There's nothing like an audience to motivate students to do their best writing! You can read more about peer revision DURING the writing process here. After finishing our narrative writing unit, we held a Writing Celebration. What exactly is a writing celebration?
All students who published their writing in time (we had been setting deadlines) received a certificate. It was so cute; without any prompting, as I called out each student's name, the class burst into applause. I love the support these writers have for each other!
Next, all stories were laid out on student desks, along with a stack of colorful post-its & a bowl of Smarties (candy). For some reason, colorful post-its seem to motivate kids in taking greater care in what they write! Students chose a seat and read the narrative on that desk. Next, they wrote a positive comment on a post-it (we had positive feedback sentence starters posted on the Smartboard). For each specific, positive comment they wrote, they got to take a Smarties. I'm not a big fan of giving out candy as rewards, but somehow since they are called Smarties, the kids said they felt "smart" giving grown-up-type feedback! :)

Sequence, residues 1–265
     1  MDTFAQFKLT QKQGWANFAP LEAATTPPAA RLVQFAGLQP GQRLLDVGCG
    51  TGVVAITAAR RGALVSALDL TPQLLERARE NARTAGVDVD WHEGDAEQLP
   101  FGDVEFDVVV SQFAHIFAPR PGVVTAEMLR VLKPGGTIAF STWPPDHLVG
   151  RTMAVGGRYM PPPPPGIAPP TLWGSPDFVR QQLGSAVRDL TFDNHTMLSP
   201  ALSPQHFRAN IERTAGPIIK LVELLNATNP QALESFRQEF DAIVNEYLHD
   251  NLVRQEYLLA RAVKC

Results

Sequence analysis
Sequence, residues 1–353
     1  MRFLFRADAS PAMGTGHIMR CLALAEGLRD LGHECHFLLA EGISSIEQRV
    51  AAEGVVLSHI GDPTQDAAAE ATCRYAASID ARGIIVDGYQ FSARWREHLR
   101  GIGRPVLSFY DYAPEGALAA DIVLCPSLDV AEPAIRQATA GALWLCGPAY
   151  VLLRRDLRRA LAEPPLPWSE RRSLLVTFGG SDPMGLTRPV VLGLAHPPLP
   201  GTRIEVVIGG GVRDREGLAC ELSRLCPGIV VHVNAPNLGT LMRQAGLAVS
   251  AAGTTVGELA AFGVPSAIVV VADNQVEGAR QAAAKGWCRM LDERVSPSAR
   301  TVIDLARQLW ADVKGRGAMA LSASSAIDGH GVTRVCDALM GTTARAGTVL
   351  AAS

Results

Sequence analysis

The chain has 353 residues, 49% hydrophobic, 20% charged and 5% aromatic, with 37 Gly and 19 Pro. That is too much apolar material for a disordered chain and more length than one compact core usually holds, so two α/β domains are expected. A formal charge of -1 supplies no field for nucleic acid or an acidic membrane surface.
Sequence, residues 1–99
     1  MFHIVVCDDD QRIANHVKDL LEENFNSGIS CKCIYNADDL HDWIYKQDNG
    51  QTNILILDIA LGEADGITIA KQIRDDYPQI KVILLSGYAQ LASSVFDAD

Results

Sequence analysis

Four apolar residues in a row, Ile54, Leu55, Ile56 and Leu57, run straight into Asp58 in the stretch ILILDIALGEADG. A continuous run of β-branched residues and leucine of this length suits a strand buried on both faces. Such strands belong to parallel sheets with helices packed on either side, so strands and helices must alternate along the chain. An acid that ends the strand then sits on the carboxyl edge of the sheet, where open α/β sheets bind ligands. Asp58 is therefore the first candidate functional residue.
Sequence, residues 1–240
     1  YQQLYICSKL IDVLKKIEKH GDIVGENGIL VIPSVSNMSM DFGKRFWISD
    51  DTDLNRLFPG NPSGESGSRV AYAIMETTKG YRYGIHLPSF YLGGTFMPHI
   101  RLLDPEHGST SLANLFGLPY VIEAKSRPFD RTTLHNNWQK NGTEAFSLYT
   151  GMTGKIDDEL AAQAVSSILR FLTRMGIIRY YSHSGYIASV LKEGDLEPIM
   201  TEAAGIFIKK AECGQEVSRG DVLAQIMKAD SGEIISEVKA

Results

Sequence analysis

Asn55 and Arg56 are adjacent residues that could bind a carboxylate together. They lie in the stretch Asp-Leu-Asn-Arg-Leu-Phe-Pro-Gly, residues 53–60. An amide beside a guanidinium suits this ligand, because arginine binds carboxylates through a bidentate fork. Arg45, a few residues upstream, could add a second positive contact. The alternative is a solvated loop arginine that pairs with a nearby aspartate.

After each student read 3 narratives and gave positive feedback, two "featured authors" who embodied all the mini-lessons taught over the unit, read their stories to the class.
Our writing celebration was a huge success and the class begs to keep writing every day. You can't ask for more!
If you also want to teach students how to give peer feedback during the writing process, Peer Revision Groups gives specific tips and has rubrics for each writing genre.
How do you engage your students in writing? What do you do to reinforce traits of good writers?